Star Maker, Olaf Stapledon
A book of ideas rather than plot, and for its time pretty on the ball about space science - in some ways it's on the ball more than a lot of modern space science with things like wide-scale stellar engineering and the scale of deep time. Features a sapient species of boats, among some other really creative aliens. Very good for inspiration, though it can drag at times with descriptions of successive tiers of increasingly vast complex things beyond our comprehension.
I'd love to see a modern version of it, really. A nice Sagan-helming-Cosmos version would be * chef's kiss *.
Worm, John McCraeDNF at 11%
I was super invested to start, despite it being two genres (superheroes and teen drama) I am not normally huge on. I loved how it explored the consequences of powers and a world of people with powers. But the sheer amount of extra chaff made me lose steam - the thing's over five thousand pages, paced more like a TV show than a prose story.
Fights are like reading text conversions of Stand battles in JoJo, interrupted by lengthy descriptions of bizarre costumes and asides detailing powers in depth. All the creative usage in the world can't save pacing like that - it's just the wrong medium for it. TV show it would work fine. Pared down text with hyperlinks to a wiki? Perfect. But not straight prose.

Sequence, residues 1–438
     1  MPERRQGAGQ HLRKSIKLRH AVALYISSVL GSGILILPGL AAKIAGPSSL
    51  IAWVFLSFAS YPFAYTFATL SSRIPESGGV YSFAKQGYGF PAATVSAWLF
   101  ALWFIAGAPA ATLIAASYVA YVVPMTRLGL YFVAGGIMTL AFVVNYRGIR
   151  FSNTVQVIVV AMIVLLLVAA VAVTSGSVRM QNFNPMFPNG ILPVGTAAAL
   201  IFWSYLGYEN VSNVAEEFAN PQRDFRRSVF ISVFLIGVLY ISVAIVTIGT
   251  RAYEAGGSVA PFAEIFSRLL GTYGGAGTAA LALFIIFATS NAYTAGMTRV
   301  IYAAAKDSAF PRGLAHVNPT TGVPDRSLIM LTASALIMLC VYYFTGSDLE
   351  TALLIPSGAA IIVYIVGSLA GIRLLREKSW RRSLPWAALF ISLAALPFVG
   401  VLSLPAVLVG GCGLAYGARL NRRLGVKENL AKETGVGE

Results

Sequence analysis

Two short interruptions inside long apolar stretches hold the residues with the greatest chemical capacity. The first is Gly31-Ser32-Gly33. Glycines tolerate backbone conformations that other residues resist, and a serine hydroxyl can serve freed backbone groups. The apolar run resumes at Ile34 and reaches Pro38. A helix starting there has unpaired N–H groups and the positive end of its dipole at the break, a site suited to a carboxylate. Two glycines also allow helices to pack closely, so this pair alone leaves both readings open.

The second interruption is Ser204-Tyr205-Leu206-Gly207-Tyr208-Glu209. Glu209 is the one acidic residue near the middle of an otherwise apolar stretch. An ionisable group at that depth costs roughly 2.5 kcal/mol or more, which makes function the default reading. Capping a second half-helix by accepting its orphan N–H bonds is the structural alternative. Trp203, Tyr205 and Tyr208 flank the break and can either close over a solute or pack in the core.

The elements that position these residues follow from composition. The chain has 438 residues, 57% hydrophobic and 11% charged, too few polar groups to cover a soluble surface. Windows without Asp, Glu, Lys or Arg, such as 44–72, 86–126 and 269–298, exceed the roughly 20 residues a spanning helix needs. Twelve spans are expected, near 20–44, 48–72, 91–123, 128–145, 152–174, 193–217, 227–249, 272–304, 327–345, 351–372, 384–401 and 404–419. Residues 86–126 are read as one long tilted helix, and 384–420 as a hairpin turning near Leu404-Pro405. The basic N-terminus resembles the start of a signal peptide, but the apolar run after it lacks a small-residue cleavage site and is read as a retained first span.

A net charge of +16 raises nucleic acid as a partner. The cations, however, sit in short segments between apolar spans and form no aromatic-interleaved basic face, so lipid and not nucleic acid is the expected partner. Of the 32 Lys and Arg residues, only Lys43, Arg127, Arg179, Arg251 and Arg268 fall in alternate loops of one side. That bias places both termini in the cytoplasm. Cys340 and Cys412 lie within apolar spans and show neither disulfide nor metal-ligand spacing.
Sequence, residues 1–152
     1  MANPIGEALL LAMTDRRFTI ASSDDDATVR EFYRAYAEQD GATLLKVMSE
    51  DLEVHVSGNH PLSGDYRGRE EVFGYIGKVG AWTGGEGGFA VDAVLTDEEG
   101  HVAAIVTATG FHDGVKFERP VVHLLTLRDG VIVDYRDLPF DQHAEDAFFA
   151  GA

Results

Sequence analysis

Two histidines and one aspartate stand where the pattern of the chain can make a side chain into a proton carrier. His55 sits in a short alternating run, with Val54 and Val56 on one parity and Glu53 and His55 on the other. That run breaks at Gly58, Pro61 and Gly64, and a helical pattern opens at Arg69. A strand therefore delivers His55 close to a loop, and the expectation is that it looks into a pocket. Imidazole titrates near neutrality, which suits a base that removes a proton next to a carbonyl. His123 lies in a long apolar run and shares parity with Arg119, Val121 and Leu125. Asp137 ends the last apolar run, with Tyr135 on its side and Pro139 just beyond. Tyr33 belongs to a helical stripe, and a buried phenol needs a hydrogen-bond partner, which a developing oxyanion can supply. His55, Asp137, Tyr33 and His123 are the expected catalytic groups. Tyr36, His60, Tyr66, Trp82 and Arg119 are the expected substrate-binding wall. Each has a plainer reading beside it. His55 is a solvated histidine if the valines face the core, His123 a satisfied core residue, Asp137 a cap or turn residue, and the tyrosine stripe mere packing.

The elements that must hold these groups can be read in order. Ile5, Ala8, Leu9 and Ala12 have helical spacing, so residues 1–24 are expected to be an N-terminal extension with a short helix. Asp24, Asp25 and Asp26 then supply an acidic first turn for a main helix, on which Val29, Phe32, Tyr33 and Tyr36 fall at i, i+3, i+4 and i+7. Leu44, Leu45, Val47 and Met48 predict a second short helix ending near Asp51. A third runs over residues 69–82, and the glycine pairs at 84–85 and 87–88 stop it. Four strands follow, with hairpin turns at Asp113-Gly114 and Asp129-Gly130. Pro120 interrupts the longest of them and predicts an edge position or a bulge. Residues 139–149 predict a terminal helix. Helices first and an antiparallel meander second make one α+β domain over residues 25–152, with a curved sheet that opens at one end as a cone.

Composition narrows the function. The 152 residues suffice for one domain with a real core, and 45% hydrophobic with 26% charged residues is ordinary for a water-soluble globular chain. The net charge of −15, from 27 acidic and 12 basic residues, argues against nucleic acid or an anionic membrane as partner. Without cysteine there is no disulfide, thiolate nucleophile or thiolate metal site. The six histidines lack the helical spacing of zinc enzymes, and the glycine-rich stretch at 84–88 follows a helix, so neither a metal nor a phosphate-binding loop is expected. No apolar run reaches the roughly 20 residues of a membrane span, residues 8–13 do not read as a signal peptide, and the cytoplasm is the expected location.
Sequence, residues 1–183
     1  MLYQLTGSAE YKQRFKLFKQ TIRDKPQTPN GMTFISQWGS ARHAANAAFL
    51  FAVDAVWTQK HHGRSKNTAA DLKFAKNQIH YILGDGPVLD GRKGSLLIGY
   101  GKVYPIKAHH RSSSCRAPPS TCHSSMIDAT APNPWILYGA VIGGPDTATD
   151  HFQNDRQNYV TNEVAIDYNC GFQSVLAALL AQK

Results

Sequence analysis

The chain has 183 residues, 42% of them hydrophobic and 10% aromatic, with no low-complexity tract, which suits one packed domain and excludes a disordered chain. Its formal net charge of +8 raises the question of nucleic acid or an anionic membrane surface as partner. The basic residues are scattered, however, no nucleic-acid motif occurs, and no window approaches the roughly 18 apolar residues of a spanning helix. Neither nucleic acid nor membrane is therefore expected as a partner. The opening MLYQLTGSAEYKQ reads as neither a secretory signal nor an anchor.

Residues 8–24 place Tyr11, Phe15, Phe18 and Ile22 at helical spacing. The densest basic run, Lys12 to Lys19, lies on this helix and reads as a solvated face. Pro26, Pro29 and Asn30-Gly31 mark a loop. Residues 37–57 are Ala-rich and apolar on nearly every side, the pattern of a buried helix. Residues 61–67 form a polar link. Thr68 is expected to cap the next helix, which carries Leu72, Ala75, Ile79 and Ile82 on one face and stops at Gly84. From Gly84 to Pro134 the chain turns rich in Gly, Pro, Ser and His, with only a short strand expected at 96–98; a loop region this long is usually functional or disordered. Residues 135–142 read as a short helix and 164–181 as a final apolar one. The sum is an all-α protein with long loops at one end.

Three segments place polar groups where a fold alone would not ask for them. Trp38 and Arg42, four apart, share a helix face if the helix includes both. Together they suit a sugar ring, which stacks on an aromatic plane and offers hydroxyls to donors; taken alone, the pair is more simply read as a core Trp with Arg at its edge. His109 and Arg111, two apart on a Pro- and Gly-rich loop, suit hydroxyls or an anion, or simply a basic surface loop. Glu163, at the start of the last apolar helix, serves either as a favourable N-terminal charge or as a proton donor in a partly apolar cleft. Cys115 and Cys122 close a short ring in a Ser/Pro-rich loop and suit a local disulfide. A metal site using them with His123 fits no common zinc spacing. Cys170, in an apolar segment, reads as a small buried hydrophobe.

I might return to this in the future, or just read a plot summary on the wiki.
Several Conan short stories by Robert E. HowardFinished 1/3
The good ideas to racism ratio is skewed terribly out of whack. I like Fafhrd and Mouser much better.
Foreigner, C. J. Cherryh
Best implementation of drow I've ever seen. The opening sequence is somewhat jarring with multiple major timejumps, but this was apparently a request by the publisher and not the original plan. Does a fantastic job wrestling with an alien mindset and what follows from it.
Dawn, Octavia Butler
Gold standard material. The oankali are properly alien in a way that I can't find any easy comparison to in anything else I have read - they operate upon a logic that humans simply cannot grasp - we see what they are doing, we know even to an extent why they are doing it, but there is this gulf between the two species that can't be bridged no matter how good they become at communicating. There are just these two incompatible forces colliding and there's nothing either side can do to soften the blow. It's horrifying and tragic and a damn good read.
Time and the Gods, Lord Dunsany
I don't know if the kind of fantasy Dunsany wrote still really exists any more, but this collection certainly made me want it to. While a few of them are lackluster (I found the longer works to border on intolerable) and the high language can lose you, his mythmaking is on point for the whole. Personal favorite is the story of the king who laid seige to Time's castle, and whose army was assaulted by hours and years until they all went home as old men. Don't see stuff like that much anymore.
Luna: New Moon, Ian McDonaldDNF at 30%